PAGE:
A switch from eight to ten weight categories across all three disciplines has been officially approved by United World Wrestling's (UWW) ruling Bureau.
The changes, due to come into effect from the start of next year, were given the green light at a series of meetings during the World Championships here.
It means this edition of the World Championships will be the last to be held under the current structure.
Greco-Roman is the most affected as all but one of the current categories have been altered.
Wrestlers in the discipline, considered the most ancient format of the sport, are competing in 59 kilograms, 66kg, 71kg, 75kg, 80kg, 85kg, 98kg and 130kg here.
But that will change to 55kg, 60kg, 63kg, 67kg, 72kg, 77kg, 82kg, 87kg, 97kg and 130kg from January 1.
Freestyle will keep all their current Olympic and non-Olympic weight categories - 57kg, 61kg, 65kg, 70kg, 74kg, 86kg, 97kg and 125kg - but additional events will be added at 79kg and 92kg.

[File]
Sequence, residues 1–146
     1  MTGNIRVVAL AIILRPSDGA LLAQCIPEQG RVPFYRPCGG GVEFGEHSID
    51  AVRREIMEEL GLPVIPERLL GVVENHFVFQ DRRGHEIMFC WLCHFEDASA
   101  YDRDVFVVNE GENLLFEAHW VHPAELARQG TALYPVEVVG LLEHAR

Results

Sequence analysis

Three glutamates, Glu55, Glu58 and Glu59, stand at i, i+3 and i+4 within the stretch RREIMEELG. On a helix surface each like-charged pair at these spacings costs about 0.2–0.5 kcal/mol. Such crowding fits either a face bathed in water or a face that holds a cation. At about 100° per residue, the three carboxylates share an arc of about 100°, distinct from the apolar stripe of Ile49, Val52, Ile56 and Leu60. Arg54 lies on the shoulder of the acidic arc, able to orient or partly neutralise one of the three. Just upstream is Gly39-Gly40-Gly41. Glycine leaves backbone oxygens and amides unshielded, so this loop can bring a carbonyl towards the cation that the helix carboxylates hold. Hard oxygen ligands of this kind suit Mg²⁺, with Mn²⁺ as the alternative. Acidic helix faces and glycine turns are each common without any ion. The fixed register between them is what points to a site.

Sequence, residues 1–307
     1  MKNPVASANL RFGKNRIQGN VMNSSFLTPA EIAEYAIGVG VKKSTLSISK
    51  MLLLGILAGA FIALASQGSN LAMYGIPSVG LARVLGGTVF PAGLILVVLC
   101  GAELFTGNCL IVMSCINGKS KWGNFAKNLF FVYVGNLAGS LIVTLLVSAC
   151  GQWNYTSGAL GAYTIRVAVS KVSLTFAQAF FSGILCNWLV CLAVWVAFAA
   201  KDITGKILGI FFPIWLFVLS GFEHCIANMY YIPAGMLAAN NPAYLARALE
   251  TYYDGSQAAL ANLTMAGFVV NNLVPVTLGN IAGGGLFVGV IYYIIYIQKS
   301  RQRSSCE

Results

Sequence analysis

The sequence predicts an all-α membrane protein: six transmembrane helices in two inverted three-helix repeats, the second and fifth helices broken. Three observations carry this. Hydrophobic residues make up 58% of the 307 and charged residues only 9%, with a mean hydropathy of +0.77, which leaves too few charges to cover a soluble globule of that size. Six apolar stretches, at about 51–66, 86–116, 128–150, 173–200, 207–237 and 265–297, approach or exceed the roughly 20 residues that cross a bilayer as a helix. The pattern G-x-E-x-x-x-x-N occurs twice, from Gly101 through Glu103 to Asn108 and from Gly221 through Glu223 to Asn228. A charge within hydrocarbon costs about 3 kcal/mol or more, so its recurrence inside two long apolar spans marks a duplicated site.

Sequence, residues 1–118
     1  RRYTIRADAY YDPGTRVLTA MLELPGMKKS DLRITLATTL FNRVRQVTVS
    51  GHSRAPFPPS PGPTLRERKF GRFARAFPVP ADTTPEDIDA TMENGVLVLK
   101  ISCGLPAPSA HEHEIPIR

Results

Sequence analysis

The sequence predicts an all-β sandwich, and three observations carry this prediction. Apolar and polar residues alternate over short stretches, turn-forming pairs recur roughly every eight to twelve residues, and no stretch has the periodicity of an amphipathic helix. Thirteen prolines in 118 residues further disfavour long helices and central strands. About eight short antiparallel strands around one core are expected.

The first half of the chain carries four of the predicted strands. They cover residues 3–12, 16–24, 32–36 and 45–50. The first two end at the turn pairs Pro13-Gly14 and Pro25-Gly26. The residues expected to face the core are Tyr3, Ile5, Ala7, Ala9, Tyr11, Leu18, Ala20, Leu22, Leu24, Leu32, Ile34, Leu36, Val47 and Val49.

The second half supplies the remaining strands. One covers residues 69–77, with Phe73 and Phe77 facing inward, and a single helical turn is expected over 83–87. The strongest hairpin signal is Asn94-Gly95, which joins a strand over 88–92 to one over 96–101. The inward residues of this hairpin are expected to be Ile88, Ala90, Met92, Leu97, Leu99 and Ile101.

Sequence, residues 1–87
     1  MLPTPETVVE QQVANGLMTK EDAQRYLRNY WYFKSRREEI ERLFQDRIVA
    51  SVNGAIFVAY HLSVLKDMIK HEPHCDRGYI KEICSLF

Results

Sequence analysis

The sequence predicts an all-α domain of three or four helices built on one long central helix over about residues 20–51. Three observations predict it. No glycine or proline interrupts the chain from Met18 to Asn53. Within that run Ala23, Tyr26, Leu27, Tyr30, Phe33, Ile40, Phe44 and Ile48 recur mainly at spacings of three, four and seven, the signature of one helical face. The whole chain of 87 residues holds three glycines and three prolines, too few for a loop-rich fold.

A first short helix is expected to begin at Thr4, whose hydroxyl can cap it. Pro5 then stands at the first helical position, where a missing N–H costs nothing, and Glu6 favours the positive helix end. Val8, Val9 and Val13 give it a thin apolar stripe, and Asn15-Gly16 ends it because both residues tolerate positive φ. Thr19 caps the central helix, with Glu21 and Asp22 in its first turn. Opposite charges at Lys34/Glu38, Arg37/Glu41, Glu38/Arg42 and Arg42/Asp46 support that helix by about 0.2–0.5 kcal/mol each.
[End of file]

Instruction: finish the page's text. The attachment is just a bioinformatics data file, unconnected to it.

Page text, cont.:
The lowest weight in women's wrestling will increase from 48kg to 50kg, while others have been altered by the Bureau.
Women currently participate in 48kg, 53kg, 55kg, 58kg, 60kg, 63kg, 69kg and 75kg.
The UWW has decided to change this to 50kg, 53kg, 55kg, 57kg, 59kg, 62kg, 65kg, 68kg, 72kg and 76kg.
UWW President Nenad Lalovic first touted the idea of an increase from eight to 10 weight categories in all of the wrestling disciplines last year.
In a statement, the UWW claimed the Bureau had chosen to implement "an overall moderate approach" as they were looking to "impact as few existing weight categories as possible".
Lalovic, a member of the International Olympic Committee, confirmed the changes would have no affect on the current Olympic categories across the three disciplines.
Wrestling at the Olympic Games features six categories rather than the eight which are included as part of UWW events.
The move will also add a further two competitions in each discipline to the World Championships for non-Olympic weights, held in the years where the main event does not take place.
"We made these changes to protect the athletes," Lalovic said.
"It is not healthy to have athletes dropping or putting on so much weight to make the weigh-in.
"It was necessary for us to do this."